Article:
Be lazy, build better systems

Iron Couch image from the awesome Couch Potatoes collection by MacLane

When I was growing up, my dad would often say, “Inventors are lazy”. The genius of inventors tends to dazzle, but it could also be that they were tired of doing things repetitively and were looking for simple ways to speed-up menial tasks. According to my father, Charles Babbage was ‘the laziest of the lot’ because he invented the mechanical computer since he wanted a machine to solve his math problems.

When we started building Compile, we wanted to spend time building business modules, not waste development cycles on the nuances of the technology pieces. So we wanted a framework for the web systems that just worked from the word go. Django fit right into the case. And, as our resident panda writes, this allowed us to write easily readable programs.

But over time we realised that we were doing a lot of very similar things on various modules in the system, e.g.: search, filters. This made us think on how we could minimize the time spent on writing code for each product and module. We set out to fix this issue. Django’s own code gave us indicators on what to do.

Applying the philosophy of DRY, we decided not to have any repeating code in our system. We also moved a lot of our code from the functional code to OOP + configuration based system.

Within 3 months, our code was re-factored into a better system as a side project, for Anirudh and me. We also built a more structured system from the database to the code level, with just one core philosophy — ‘Write as little code as possible.’

Our systems have been running for over a year now on the “new” code base. Over the last year we have built a lot of products on top of our base system. Interestingly, one of the product’s web components was built, or rather configured, from the prototype to the build and the deploy phase in three hours flat!

Take a look at the small piece of code (heavily inspired by and using Django ListView)

If I were to distill what we learnt in this process, this is what it would be:

1. Spend time on your algorithms

If you look at the above snippet, you’ll notice that there is no logic component to it. Every logic component is hidden behind the scenes. The reason is simple, the logic component is common, and is repeatable with minor variations. So we simply made everything as configurations.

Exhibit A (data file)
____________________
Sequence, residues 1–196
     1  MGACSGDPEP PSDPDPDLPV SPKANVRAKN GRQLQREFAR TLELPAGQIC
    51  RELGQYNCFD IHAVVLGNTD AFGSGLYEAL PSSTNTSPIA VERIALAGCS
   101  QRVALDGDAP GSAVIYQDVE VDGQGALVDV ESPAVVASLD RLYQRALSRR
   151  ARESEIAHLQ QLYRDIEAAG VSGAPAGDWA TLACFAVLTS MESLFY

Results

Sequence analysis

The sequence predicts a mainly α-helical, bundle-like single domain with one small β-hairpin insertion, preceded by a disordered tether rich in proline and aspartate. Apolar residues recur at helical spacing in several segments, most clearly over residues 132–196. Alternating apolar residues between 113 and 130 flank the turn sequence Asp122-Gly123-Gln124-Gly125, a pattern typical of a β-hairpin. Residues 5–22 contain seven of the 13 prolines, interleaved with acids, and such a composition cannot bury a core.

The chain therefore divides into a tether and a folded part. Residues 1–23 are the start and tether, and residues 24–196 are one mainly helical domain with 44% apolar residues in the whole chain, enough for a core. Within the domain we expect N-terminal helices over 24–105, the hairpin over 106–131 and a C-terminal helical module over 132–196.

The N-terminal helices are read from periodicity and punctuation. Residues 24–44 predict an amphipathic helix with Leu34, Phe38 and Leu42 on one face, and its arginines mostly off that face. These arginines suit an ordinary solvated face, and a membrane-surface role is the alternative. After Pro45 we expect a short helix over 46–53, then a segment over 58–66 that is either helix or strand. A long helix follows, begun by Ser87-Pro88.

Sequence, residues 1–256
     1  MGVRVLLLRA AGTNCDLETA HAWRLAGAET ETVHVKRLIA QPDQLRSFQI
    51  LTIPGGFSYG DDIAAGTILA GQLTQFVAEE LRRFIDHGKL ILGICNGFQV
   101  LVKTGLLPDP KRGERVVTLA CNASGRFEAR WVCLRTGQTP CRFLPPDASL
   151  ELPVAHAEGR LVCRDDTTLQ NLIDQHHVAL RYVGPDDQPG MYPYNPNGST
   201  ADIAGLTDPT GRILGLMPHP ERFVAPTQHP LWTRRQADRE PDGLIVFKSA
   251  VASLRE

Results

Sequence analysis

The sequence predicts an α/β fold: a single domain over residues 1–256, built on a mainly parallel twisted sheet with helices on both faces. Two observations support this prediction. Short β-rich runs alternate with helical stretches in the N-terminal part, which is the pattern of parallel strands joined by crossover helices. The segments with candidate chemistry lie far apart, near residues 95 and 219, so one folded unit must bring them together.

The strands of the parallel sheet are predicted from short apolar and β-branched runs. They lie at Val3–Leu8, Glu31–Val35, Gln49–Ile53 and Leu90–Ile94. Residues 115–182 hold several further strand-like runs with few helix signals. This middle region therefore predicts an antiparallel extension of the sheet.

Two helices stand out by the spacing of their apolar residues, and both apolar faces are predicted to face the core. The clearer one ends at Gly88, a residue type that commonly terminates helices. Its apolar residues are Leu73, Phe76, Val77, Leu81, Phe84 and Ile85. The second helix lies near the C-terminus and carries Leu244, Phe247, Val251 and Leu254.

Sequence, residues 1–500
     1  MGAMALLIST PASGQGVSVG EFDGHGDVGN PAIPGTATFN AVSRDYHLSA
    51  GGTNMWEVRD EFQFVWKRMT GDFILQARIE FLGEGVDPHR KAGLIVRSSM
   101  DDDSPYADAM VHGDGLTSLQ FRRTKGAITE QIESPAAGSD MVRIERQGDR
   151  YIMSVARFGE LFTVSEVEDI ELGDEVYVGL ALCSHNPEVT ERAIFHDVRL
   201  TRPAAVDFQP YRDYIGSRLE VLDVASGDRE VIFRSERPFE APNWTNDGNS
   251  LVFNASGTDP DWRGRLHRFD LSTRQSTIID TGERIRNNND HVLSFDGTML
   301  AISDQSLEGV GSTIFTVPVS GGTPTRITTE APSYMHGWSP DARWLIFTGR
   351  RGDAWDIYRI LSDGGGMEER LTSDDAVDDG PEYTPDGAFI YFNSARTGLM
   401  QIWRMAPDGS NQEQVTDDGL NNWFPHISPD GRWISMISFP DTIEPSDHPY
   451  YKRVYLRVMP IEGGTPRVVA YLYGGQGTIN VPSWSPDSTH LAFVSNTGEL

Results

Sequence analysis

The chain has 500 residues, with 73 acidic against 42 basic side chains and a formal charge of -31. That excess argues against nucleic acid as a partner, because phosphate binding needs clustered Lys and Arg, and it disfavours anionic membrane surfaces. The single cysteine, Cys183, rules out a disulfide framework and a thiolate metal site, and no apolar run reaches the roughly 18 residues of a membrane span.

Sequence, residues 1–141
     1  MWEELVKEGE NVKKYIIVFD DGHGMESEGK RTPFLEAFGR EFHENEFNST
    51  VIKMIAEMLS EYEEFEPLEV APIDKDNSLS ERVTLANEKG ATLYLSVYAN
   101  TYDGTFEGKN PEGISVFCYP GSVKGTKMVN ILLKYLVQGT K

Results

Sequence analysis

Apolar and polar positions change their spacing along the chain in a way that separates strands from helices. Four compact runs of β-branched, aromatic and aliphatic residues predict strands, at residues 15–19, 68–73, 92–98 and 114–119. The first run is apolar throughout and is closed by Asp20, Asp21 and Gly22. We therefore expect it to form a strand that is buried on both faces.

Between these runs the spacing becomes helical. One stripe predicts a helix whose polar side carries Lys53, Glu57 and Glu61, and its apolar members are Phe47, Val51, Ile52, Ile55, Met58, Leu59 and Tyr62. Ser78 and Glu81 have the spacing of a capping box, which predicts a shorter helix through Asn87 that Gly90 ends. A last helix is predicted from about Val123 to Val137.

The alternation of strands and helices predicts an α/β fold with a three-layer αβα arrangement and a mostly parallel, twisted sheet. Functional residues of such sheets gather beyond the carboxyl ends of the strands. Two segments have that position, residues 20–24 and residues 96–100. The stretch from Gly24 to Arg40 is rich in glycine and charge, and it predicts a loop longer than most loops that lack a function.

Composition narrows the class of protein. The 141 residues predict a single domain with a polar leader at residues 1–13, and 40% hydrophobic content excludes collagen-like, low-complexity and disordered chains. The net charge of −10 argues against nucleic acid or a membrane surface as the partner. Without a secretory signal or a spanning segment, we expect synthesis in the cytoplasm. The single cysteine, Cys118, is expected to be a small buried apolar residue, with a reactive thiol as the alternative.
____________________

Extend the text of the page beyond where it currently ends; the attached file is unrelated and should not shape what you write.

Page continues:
How does this help us? We now spend time only writing custom algorithms for each product.

2. Spend less time maintaining the modules

Since most of the pieces are repeatable with minor variations, maintaining it was a hard job for each module. This was also a real cost to the engineering team. Now we have substantially reduced costs as the core code is maintained for the core components that are shared between modules. If we fix a bug, it gets instantly shared on all the modules.

3. Divide the worries

Let the application engineer worry about the business logic and the infrastructure engineer worry about the systems. This might not work in a start-up initially, as both engineers may be the same person. But as we grew our team, this helped us a lot. People need to only worry about what they are working on and not the entire foundation of the system.

4. Make it easy for everyone

A recent hire at Compile, within a few weeks of joining, told us that he could easily understand our architecture because it was all just configurations. Why was this? It’s because we make sure our configuration parameters are really verbose and readable.

5. Configuration over code

Speed matters a lot in a start-up. It is all about iterating your product till you find your sweet spot. Having a system that facilitates this is very important. We are able to iterate quickly, because most of our features are just modules and logic configured in different way.

I’d like to think that we are a lazy bunch, here at Compile. We are also obsessive about building the best product possible. Happily, the two can co-exist, leaving us enough time to worry about more pressing problems, like what to stock in the company fridge.


Originally published at www.compile.com on October 30, 2014.

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